DJIA:  33,119

Rates, rates, rates … we hear they’re going up.  In fact, that’s all you hear.  Having reached the mainstream media, perhaps it will do what talk of $100 Oil did for Oil.  The yield on the 10-year Treasury has reached an extreme, or has it?  In any event, it’s hard to argue this has been anything but bad for stocks and most of the commodities.  We had thought the market could live with higher rates, of course that was when the market was acting like it could live with higher rates.  It has since become less technically healthy and remains so.  You would think those Regional Banks would be a particular concern, given what happened in March when rates were not even this high.  Not surprisingly the charts there are not so wonderful.  It may not be the level, but the abrupt change in rates that causes something to break.  We wonder if rates had anything to do with the hit to Oil recently or look at American Express (147).  It’s not unusual to find out only later who is vulnerable, who was swimming without their suit as Buffet likes to say.

We had looked at this weakness as your garden-variety correction, a correction in an uptrend.  After all, on the whole this year has shown some impressive momentum, the kind that doesn’t turn easily or quickly.  In terms of the Averages, it still falls in that category.  However, the intensity of the selling, if that’s the term for it, makes it look possibly different.  In terms of the A/Ds the market fell for nine consecutive days through September 27, and likely 4 of 6 through Thursday.  Two of this week’s down days were 5.6-to-1 and 4.6-to-1, not exactly garden-variety selling.  Mercifully, the A/Ds were respectable in Wednesday’s rally.  These numbers are a bit worse than those in the March weakness, then too it may be too soon to say.  At issue here is a garden-variety decline versus something more severe.  The former is a gradual move to a sold-out turn, the latter a more violent one.  More days like Wednesday would argue for the former.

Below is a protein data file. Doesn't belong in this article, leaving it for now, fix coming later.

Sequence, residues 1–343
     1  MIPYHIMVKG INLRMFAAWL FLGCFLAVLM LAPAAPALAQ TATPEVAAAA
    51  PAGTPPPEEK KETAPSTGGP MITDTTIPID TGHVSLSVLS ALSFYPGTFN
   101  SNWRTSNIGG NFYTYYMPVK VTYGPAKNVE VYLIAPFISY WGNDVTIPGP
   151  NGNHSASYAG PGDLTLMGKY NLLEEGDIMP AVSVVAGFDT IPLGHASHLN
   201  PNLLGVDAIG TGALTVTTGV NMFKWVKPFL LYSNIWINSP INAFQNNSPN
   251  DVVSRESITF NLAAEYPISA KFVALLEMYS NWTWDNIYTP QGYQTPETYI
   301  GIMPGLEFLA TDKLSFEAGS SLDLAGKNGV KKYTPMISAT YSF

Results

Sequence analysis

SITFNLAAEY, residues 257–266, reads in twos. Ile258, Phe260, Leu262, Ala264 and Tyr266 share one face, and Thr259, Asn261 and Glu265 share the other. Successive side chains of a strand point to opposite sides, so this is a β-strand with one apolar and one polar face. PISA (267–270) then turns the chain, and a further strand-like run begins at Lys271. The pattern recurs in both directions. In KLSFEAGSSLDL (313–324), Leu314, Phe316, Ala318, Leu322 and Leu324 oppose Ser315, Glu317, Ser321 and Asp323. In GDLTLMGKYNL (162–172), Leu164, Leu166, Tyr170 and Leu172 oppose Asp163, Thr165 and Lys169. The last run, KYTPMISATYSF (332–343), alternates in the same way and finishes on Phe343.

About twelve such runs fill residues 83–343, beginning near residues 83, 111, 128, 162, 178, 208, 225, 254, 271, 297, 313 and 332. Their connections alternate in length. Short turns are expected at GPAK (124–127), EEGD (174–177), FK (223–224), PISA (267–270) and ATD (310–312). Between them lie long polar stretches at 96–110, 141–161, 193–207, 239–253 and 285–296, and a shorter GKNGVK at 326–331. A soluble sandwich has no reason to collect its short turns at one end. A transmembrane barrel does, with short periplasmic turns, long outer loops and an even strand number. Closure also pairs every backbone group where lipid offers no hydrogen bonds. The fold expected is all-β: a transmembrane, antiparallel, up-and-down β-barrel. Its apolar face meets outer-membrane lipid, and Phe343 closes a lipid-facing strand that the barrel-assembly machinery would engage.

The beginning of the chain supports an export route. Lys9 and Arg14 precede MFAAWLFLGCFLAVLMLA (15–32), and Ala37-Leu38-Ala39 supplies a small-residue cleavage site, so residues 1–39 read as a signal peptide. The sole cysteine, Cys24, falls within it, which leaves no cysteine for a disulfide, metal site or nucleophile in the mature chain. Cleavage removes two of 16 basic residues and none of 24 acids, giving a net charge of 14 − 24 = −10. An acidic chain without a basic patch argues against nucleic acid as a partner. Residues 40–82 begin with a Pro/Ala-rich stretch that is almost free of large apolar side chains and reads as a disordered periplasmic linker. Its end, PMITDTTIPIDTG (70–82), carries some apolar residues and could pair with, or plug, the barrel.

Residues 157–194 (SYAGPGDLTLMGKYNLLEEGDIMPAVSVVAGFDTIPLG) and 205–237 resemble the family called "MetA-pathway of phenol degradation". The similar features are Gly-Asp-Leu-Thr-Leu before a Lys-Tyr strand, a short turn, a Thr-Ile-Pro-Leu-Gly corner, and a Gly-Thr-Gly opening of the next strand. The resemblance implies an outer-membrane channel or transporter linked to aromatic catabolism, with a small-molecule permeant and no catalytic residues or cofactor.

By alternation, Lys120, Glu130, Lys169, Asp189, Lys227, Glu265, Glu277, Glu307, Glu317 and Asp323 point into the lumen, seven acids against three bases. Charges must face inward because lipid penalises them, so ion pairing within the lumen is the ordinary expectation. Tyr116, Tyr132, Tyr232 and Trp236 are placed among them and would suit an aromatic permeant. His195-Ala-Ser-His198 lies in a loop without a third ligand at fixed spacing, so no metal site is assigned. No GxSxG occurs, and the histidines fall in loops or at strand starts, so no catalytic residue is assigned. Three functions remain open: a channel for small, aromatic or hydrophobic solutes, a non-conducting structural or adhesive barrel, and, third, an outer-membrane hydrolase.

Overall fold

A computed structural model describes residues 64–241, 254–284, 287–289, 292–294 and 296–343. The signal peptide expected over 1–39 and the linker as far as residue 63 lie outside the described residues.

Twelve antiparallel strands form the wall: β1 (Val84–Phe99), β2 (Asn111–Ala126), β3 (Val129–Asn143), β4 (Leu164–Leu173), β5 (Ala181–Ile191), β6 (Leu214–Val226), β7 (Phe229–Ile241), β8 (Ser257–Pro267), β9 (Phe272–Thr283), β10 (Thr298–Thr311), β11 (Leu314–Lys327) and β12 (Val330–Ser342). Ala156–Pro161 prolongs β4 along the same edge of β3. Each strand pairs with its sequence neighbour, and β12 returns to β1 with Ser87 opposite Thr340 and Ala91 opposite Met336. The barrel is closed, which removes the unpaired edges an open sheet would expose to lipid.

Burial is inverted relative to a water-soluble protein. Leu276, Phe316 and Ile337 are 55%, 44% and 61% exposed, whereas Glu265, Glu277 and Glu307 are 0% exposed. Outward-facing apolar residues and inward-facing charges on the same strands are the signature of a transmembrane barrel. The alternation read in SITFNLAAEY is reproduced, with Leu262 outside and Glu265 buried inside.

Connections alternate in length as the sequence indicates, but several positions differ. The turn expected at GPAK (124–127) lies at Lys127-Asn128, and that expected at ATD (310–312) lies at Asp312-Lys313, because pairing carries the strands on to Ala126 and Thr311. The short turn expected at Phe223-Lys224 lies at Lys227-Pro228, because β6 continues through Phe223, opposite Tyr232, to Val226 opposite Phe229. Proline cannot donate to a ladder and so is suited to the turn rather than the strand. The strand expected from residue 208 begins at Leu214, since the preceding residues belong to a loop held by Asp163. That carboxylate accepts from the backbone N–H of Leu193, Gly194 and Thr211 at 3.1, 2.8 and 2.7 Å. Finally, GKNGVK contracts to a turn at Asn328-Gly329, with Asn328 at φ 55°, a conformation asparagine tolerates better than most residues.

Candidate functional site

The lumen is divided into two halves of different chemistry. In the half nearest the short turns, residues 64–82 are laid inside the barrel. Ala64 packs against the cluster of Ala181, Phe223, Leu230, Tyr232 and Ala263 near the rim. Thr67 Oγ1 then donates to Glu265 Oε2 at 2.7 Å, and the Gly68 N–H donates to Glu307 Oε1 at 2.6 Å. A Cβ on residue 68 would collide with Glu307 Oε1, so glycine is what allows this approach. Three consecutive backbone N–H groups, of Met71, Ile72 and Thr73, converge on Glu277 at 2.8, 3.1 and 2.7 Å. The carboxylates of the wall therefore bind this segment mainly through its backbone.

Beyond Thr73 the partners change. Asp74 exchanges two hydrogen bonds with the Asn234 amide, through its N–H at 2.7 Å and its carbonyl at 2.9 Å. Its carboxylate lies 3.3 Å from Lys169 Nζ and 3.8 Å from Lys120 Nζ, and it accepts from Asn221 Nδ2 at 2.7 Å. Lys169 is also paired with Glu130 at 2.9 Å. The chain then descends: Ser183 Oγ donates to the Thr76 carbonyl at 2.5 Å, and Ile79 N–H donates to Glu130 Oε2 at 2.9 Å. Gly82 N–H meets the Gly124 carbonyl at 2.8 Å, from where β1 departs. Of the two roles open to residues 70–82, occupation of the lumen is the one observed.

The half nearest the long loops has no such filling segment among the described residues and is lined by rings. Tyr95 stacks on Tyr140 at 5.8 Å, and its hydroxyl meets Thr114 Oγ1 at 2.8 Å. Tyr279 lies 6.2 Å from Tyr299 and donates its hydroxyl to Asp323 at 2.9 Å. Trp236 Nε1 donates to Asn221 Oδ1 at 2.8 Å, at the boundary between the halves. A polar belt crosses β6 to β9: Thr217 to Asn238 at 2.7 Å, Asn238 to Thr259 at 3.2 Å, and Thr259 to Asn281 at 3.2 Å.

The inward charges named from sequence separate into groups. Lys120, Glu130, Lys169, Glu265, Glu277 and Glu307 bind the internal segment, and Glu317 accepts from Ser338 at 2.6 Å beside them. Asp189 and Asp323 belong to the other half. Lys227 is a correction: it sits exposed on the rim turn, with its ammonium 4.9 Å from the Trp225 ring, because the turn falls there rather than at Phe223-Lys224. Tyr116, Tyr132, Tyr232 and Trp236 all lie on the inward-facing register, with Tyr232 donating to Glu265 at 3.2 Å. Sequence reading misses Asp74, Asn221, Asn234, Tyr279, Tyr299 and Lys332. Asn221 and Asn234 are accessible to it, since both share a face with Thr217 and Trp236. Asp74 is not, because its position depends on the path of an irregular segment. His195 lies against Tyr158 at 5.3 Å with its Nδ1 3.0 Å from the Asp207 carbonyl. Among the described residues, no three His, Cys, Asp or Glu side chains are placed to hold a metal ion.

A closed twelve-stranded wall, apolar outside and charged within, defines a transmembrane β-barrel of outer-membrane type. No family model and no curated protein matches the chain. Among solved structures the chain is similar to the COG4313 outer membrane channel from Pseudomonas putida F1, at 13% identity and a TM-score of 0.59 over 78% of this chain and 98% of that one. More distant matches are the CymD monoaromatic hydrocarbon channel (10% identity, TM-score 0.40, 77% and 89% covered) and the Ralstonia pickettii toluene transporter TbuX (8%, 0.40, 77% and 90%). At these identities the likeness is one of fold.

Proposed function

For all of the market’s problems, there are a few stocks/areas that are interesting.  In corrections, the good guys stand out, if only because they either stop going down or never went down.  The most obvious here is Nvidia (447), interesting in the sense it arguably got the correction going.  You might recall – good news and the stock reversed lower back at the end of August.  That it has been holding the last couple of weeks, against a weak market for Tech, seems interesting.  It’s toying with the 50-day, while a move above it would be positive for it and the market.  A kindred spirit here is Super Micro (288), which is already above its 50-day, at least for now.  Then there’s Tesla (260) which failed a couple weeks ago, after we praised the pattern, now again above the 50-day.  And finally, there’s United Health (516), which because of some violent moves always seems difficult.  It’s back to recent highs and with the group seemingly behind it, impressive in this market.      

IBD will tell you as much as 75% of the movement of any stock is a function of the market’s overall trend. We couldn’t agree more, and that’s why we got into this business. We noticed our wonderful stock picks somehow did better in good markets.  They seemed to go up and down with the market, which made us think this market thing might be worth looking into.  To get to some point here, given the recent A/Ds, 75% might be a little light.  This tide has sunk most ships.  To us the market is about the A/D numbers.  Easy to be a good trader on those 5-to-1 up days versus those 5-to-1 down days.  We’re happy with 2-to-1 up days.  Easy to be a good trader when 70% of stocks are above their 200-day, that is, in uptrends versus 30% now.  As per the above, there are some things to look at here, but it’s best to have that market wind at your back.

If we had a brother at the Labor Department, and knew ahead of time the Jobs number, we pretty much wouldn’t care, especially this month.  After all, in this environment what is a good number?  A bad number, that is one good for the market, means the Fed can stop raising because the world is coming to an end.  A bad number, the economy is still humming along, but the Fed will keep tightening.  Then too, thinking what we’ve already been through, a little more selling could put in a low.  Keep in mind, it’s selling not buying that makes lows. When the selling this out-of-the-way, you don’t need much buying to lift prices.  We’re not predicting the number and we’re not predicting the outcome. The real point is it’s not about the news.  It’s about the market’s reaction to the news. The best outcome might be a number the market shouldn’t like, but it rallies anyway.

Frank D. Gretz

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